Professor Works on Projects at the Intersection of Race and Architecture
The architecture of Thomas Jefferson has been the focus of much of Professor Mabel O. Wilson’s work lately. The essay she contributed to the recently published book, Race and Modern Architecture—which she also co-edited—is on the buildings designed by America’s third president.
“Jefferson never reconciled those two sides of himself—his democratic ideals of freedom and equality and his position as a slave owner,” said Wilson, “and his architecture tells us this.”
Wilson, who teaches at the Graduate School of Architecture, Planning, and Preservation and in the Department of African American and African Diasporic Studies, also co-designed the University of Virginia’s Memorial to Enslaved Laborers, which opened to the public in Charlottesville in April.
Columbia News caught up with Wilson recently to discuss these projects, as well as her involvement in an upcoming exhibition at New York’s Museum of Modern Art (MoMA) and what she’s teaching this semester.
Q. You have said that one of Jefferson's hallmarks as an architect was finding ways to hide places where slaves lived and worked, and that he understood that buildings make relationships between people. Did Jefferson use architecture to articulate human connections?
A. Jefferson deployed the architecture convention of the section—which is a vertical cut through a building, much like the plan is a horizontal cut through a building—to place the spaces where enslaved persons worked out of view. At his Virginia home, Monticello, which he designed just outside of Charlottesville, the dependencies—including the space where his concubine, Sally Hemings, lived—were buried below the walkway wings that connected to the main house. His placement of dumbwaiters near his fireplace made the work of Black servants invisible during intimate dinners.
In his designs for the University of Virginia, the kitchens and sleep areas of the enslaved were below the pavilions where faculty and their families lived, and the work yards were hidden behind the iconic serpentine walls. These architectural designs could be understood as encompassing a strategy of denial rather than reconciliation.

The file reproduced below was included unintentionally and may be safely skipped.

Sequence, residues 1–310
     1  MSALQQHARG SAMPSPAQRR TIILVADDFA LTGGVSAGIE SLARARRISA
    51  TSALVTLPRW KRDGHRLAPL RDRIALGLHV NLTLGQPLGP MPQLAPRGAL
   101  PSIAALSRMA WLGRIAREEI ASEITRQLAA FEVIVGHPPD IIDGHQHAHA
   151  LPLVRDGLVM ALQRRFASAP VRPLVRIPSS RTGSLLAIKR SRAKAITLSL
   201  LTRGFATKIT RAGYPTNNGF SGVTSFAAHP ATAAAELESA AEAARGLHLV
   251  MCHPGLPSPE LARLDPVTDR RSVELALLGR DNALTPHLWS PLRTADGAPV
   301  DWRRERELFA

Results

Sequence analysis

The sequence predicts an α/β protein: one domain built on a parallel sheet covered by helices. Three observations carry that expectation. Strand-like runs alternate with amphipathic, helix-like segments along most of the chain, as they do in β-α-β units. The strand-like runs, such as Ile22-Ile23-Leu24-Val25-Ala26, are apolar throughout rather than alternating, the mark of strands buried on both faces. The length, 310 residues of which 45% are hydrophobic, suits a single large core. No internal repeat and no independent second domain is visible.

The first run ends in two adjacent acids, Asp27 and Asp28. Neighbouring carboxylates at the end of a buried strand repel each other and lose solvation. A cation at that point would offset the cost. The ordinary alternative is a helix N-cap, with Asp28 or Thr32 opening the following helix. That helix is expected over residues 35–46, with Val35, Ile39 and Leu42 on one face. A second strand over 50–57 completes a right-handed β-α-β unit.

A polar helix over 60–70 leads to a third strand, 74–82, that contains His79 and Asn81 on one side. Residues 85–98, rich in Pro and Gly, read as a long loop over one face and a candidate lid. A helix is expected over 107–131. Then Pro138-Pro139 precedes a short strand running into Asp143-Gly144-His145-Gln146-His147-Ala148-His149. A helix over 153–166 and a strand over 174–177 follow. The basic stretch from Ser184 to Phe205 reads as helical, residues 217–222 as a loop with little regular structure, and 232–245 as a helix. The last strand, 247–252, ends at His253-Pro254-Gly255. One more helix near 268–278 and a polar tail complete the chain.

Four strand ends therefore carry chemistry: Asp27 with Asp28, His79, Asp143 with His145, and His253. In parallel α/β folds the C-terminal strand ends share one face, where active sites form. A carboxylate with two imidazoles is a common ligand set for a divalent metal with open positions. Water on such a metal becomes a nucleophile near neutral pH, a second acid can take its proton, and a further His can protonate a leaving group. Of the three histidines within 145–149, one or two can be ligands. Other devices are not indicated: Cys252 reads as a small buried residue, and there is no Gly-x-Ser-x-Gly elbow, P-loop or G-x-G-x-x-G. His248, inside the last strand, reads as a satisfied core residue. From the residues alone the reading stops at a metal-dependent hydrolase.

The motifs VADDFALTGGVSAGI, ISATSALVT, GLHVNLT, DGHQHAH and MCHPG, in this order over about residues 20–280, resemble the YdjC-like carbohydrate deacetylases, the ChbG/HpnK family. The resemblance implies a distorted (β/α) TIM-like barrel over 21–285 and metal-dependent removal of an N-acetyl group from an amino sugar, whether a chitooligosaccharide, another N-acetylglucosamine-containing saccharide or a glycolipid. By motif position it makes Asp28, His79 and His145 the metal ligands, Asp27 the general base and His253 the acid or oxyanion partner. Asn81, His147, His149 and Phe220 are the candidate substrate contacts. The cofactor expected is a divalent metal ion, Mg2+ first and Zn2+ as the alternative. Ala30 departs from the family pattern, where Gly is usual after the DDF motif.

Q. In his New York Times piece about the Memorial to Enslaved Laborers, Holland Cotter said that "some of the most effective commemorative work of the past several decades has been formally abstract," citing, along with the UVA structure, the Vietnam Veterans Memorial and the National Memorial for Peace and Justice. Do you agree?
A. I think because of its prominence as a site of national commemoration, Maya Lin’s Vietnam Veterans Memorial transformed the architectural and artistic language of remembrance toward abstractions. Other artists and architects had used abstraction in memorials before Lin. Her use of spare, geometric form, sand materials proved an appropriate formal language to encapsulate the difficulties and injustices associated with the Vietnam War.
Q. What do you hope that visitors to the Memorial to Enslaved Laborers will take away from the experience?
A. I would like visitors to remember the enslaved as a community of friends and family, who sought dignity in life and the work they did. I also want visitors to comprehend the violence that made enslavement a reality, as noted in the memorial’s historical timeline, as well as in the “Memory Marks” that remember the 3,000 enslaved whose names we do not know. I hope they connect that to the ongoing fight for justice that drew so many into the streets over the past few months.
Q. Can you offer a preview of the MoMA exhibition, Reconstructions: Architecture and Blackness in America, which opens on February 20, 2021?
A. The exhibition—which I co-curated with Sean Anderson and Ariele Dione-Krosnick, both MoMA curators in the department of architecture and design—brings together a remarkable group of 11 architects, designers, and artists. Their projects explore the architectural dimensions of Black space, which could be sites of resistance, refusal, and everyday life. The works also examine how the spaces of anti-Black racism—from slave quarters to redlining to mass incarceration—have shaped our built environment for well over 400 years. Our field guide—the exhibition catalogue that will be available when Reconstructions opens—expands those explorations with essay contributions from urbanists, activists, poets, writers, and scholars.
Q. What are you teaching this semester?
A. All of my classes are virtual. One is an upper-level, graduate architectural design studio. We are working with the Danspace Project at St. Mark’s Church in Manhattan's East Village to explore how performance artists have engaged in radical care practices. The students have been asked to design spaces of care in the aftermath of recent protests against police violence and the impact of the pandemic on communities of color.
I am also teaching the proseminar for undergraduates and graduate students in African American and African Diaspora Studies. We have thus far read W.E.B. Du Bois, Frantz Fanon, Toni Morrison, and Sylvia Wynter—timely reading about the practice of Black studies apropos these challenging times.
Q. Is it hard to keep students who are learning remotely engaged?
A. While not ideal on many levels (Zoom can be tiring on the eyes after several hours in a course like a design studio), the technology does make it easy to invite people from all over the world to join discussions with students. Overall, I’m finding attentive and engaged students wherever they are in the world.